As you’re probably aware – your cattle’s manure can be your dairy farm’s best friend.

However, only if you do a good job with it.

Not using your cows’ manure or doing a good job with it – can be a real loss for your farm. Almost anything on a dairy farm can be managed and utilised to gain your farm’s more profit. Many dairy farmers fail because they are not taking advantage, in the best way possible, of every resource that they have.

What does doing a good job with manure mean, though?

Heifers on pasture.

First off – it means making sure you have a good pasture management plan in motion and in action. With a good active pasture management plan, you will be engaging in correct and beneficial rotational grazing on your paddocks. Your cows are natural manure spreaders. If you have a good rotational grazing plan going on – your cows will naturally take care of spreading the manure and fertilising your pasture.

A good pasture management plan with a correct rotational grazing plan will also imply that all your paddocks will get fertilised. You can also plan your rotational grazing based on what paddocks need to be fertilised – knowing your cows will be grazing and shitting (if there is any article to swear in!).

At a dairy farm, you also have the feces that your cows leave behind while getting milked and when getting fed additional feedstuff. If you want to collect it there are several ways in which you can store it and several ways in which it can be spread. Some with more benefits than others.

But, first let’s have a look at why cow manure is good for your soil:

Cow manure – without bedding and water – have nutrients that are valuable for your soil and your grass’ health and growth rates. The three most important nutrients are N (nitrogen), P (phosphorus) and K (potassium) – on top of these three, manure also has a few micronutrients. In manure, we also find calcium, magnesium, sulphur, boron, copper, iron, manganese and zinc.

Fresh manure (27,000 kg/ha) from lactating cattle can provide 180 kg of nitrogen, 27 kg of phosphorus and 83 kg of potassium per ha, according to this Dairy Cattle article. However, is this enough for the nutrient needs of your soil and the needs of your pasture? Well, let’s have a look:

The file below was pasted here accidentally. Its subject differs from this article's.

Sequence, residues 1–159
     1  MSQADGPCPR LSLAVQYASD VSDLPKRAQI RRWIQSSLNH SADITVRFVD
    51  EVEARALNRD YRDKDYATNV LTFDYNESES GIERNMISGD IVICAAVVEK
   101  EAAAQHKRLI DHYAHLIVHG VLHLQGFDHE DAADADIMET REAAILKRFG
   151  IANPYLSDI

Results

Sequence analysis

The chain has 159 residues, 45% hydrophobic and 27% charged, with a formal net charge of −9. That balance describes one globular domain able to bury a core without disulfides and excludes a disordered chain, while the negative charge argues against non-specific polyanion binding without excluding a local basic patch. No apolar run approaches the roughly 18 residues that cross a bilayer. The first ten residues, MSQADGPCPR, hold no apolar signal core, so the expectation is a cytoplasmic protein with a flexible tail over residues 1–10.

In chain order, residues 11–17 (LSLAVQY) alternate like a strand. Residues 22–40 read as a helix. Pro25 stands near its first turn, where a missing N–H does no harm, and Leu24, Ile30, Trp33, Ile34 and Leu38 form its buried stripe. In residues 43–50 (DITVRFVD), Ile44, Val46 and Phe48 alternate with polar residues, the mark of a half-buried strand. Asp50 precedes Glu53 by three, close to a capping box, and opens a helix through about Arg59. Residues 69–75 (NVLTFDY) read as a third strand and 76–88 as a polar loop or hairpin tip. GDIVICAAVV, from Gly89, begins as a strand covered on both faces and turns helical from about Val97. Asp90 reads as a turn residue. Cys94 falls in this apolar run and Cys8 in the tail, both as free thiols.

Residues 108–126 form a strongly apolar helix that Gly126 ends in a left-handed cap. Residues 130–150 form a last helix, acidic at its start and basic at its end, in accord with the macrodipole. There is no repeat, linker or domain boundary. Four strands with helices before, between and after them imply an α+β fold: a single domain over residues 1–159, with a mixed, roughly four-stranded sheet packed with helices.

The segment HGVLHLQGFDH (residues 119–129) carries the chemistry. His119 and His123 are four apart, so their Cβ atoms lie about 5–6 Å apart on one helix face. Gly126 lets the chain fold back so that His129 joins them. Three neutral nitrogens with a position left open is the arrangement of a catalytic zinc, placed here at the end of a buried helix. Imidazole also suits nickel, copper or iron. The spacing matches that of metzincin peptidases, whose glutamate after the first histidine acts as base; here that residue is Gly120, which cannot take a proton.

The grass nutrient needs (per 1 tonne of dry matter) for grass maintenance are:

  • 225 kg/ha of nitrogen over the growing season with irrigation
    • 70 kg in early spring
    • 55 kg in mid-December
    • 45 kg in February
  • Between 115 and 225 kg/ha of phosphorus
  • Between 180 and 400 kg/ha of potassium

Depending on the amount of manure you have – it can be insufficient, enough or more than enough to fertilise your soil and pasture.

Only from grazing, cattle manure might not be enough – but it can be a great natural and free occasional supplement when you are grazing your paddocks. However, stored manure – especially if stored appropriately, can be closer and more sufficient to your soil and pasture’s fertilising needs.

Test your soil

Make sure to test your soil before applying a large quantity of manure! In another one of our blog posts, we describe in detail how you can take a soil sample and do a soil test. Once you have information on the nutrients currently present in your soil – you can decide how much manure you need to apply.

So then let’s get crackin’ and look at the best manure storage systems and best manure-handling methods.

Cow Manure or Effluent Storage Systems

  1. Single Storage Ponds
    • The single storage ponds system is – as you might imagine – a single pond used as a storage pond for the wetter months of the year. This is a great system to use for periods when rainfall exceeds evaporation, and runoff is a risk. It’s also a great system to use when applying the manure quickly to the pasture and not risking the nutrients to set out.
    • It’s a very effective and simple system to store your manure. However, you do need to create a pond, to dislodge it every few years and give it regular needed maintenance. It also depends on soil type and water table depth. This system also requires agitation to access the manure’s valuable nutrients, especially since Phosphorus and Nitrogen sometimes settle in the lower layers of the pond.

  2. Multi-Pond
    • The multi-pond system is – as you can imagine again – a manure storage system that involves two ponds. One pond acts as a settling pond, while the other one is the storage pond. There are several factors to consider when designing a multi-pond system, such as anaerobic digestion, pathogenic or odour treatment, solid settling or storage through winter.